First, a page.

Horse Tales

Jackson Snyder, May 31, 1996

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PREVIEW
The Ministry We Need (Abridgement of The Reformed Pastor) Richard Baxter

 

Eph 4:1-13

 

The Work Horse

†† Some church folks see the pastor as the workhorse of the church.Their idea is that they hire a pastor to work for them; it's the pastorís job to "run" the church according to their plan.

†† Listen to this tale about the workhorse pastor:

†† First Church of Sarasota had a groundbreaking service for their new building.Instead of shovels to use in digging, they brought an old one horse plow and yoke. Recalling the words of Jesus, "Take my yoke upon you," they hitched up the old workhorse pastor to the plow.The pastor pulled and grunted and turned red with strain, but try as he might, the old workhorse couldn't break ground. Some of the folks were really disappointed in the old workhorse pastor - he just couldn't pull the whole load anymore.The folks then hitched up two strong laymen with him, but they too were unable to break ground.Then the entire Building Committee was put on a rope, but the plow still didn't move.Other church officers were added, and the Sunday school officers and teachers, but no ground was turned.Finally every member of the congregation each took a hold of a rope.With every member pulling together, the plow finally moved, and the ground was broken.

†† Too many churches expect the workhorse preacher or a few horses with him to pull the entire load and keep the church going.If there is going to be progress, every one in the congregation must decide to "hitch up" and "pull together."

†† What is a pastor supposed to be doing?

A horse rancher out in Texas asked the district superintendent to assign a pastor to his community. "How big a man do you want?" asked the D.S. "Well, Brother," the big, tanned rancher replied, "we're not overly particular, but when he's on his knees he needs to be tall enough to reach heaven."

†† Acts 6:4 affirms that a pastor's job is prayer and attending to the preaching of the Word.In our text today, we find that the pastor is to be "equipping the saints" for ministry.In Matthew 9:35, Jesus shows us that the pastor is to equip the horses of the church through teaching, preaching, and healing.Praying, attending to the word, teaching, preaching, healing, and thus equipping the saints, is the work of the pastor; and in this area, let him be the workhorse.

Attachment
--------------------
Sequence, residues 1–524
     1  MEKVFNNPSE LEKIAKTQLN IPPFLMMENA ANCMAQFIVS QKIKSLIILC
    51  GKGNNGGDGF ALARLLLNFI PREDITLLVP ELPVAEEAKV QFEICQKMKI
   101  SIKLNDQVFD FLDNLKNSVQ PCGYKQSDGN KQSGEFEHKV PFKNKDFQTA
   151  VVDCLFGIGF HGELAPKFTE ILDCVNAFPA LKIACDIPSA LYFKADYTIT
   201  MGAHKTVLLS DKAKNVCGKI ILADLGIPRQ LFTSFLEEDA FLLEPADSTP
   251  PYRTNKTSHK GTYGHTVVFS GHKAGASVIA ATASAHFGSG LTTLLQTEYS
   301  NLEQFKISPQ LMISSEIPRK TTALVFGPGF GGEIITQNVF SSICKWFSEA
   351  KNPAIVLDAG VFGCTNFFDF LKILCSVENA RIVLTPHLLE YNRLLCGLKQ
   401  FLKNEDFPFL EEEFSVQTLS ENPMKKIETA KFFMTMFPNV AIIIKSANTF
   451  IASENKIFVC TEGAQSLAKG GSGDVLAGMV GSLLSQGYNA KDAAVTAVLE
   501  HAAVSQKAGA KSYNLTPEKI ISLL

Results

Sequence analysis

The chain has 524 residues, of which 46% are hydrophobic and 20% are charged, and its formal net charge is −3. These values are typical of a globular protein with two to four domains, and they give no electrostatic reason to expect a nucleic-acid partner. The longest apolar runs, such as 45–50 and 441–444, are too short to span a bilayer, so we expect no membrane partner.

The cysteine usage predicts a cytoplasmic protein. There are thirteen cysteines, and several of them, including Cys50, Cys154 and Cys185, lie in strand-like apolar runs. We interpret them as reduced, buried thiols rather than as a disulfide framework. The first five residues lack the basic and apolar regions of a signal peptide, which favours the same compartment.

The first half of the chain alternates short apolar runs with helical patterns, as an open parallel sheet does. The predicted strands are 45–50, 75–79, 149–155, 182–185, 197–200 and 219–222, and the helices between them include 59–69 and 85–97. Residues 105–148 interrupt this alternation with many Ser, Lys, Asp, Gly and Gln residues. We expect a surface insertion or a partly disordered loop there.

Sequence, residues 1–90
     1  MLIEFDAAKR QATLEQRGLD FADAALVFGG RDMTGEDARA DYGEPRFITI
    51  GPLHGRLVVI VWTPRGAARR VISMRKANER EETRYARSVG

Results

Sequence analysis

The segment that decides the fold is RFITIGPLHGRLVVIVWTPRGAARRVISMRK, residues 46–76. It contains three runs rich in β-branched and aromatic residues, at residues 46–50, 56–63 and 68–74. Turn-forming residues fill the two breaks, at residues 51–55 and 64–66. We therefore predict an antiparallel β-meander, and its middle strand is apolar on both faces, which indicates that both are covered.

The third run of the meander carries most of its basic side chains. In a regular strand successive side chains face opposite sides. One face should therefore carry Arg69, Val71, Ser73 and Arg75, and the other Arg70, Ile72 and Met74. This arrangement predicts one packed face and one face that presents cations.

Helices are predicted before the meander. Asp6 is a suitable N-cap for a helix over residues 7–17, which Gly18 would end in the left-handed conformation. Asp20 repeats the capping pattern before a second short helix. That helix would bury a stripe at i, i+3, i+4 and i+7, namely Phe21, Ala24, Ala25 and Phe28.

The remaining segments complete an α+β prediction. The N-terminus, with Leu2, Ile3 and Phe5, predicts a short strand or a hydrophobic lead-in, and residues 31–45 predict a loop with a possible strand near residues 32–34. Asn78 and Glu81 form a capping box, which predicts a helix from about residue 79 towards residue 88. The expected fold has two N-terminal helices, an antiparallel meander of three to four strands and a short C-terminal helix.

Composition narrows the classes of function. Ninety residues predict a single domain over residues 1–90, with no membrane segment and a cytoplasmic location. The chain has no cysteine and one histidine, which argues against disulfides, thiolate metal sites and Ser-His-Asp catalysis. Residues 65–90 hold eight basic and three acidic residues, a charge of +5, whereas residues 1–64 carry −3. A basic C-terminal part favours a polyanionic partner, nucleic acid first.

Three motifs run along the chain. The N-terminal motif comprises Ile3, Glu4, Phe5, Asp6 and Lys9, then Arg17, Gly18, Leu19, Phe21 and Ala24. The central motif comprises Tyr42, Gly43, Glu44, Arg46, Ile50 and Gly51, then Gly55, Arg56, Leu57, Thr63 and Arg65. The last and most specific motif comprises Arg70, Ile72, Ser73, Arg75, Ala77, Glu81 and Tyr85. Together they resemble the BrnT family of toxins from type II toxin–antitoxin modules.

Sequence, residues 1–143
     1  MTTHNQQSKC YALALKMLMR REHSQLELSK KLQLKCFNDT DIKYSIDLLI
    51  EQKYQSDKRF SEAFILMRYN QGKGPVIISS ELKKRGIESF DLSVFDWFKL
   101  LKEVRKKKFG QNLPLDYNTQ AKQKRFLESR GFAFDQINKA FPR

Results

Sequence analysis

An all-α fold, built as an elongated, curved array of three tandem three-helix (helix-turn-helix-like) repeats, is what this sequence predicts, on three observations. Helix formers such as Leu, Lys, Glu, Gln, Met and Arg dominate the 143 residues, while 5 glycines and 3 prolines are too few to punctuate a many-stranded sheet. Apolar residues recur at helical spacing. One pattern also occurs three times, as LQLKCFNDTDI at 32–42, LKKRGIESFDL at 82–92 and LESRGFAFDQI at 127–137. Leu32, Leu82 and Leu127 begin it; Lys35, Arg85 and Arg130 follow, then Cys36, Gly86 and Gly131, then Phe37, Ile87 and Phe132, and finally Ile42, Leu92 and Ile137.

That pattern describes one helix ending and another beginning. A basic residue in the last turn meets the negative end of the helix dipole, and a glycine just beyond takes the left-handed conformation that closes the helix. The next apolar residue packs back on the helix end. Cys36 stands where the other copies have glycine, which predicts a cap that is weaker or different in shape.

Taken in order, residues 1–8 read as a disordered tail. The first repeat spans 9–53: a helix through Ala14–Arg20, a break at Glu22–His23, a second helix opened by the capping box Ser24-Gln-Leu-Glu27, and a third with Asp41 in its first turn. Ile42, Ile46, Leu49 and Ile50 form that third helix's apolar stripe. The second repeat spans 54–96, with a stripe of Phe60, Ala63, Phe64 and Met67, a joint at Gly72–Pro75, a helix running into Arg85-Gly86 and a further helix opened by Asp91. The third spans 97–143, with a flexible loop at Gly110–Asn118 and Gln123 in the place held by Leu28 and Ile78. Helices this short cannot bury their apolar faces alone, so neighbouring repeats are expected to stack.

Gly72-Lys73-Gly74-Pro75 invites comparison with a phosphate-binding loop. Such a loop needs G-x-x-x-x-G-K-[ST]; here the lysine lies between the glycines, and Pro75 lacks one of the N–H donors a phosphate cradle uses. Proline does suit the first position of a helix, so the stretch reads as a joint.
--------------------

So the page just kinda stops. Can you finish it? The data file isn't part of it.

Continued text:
The Strong Horse

†† Some church folks see the pastor or evangelist as a super Christian who should be better and holier and more righteous than the other people in the congregation, as though the pastor was supposed to have more power than anyone else in the church.These folks see the pastor as the "strong horse" of the church, and they put all their spiritual hopes in this one man.

†† In King David's time, the mighty machine of warfare was the horse.David's armies had few horses, while, in some of the enemy's armies, there were battalions of cavalries. The people cried out to David that they couldn't win against the armies with horses."If we only had some horses," they bewailed, "they we could at least meet our enemies on their own terms.

†† David wrote a song for his people about strong horses in Psalms 33:17-18:

A horse is a vain hope for deliverance; despite all its great strength it cannot save. {18} But the eyes of Yahweh are on those who fear him, on those whose hope is in his unfailing love...

†† Don't expect the pastor to be any more holy or spiritual than you are yourself.Get the beam out of your own eye before you try to pick the splinter out of your pastor's eye.As long as you look to the pastor as your source instead of God, you will be disappointed.Jesus is your strong horse, learn of him, and allow your pastor to do the same.

 

The Dark Horse (The Weak Horse)

†† On the other side of the coin is the weak horse, or "dark horse."Some church folks see their pastor as fraught with sins and inadequacies.No matter how hard he tries, he can never come up to their standards.If their pastor was Christ himself, their still would be plenty to criticize.Many pastors find themselves "dark horses" in the eyes of their congregations, and the spiritual pressure to "measure up" to the standards set for them is overwhelming.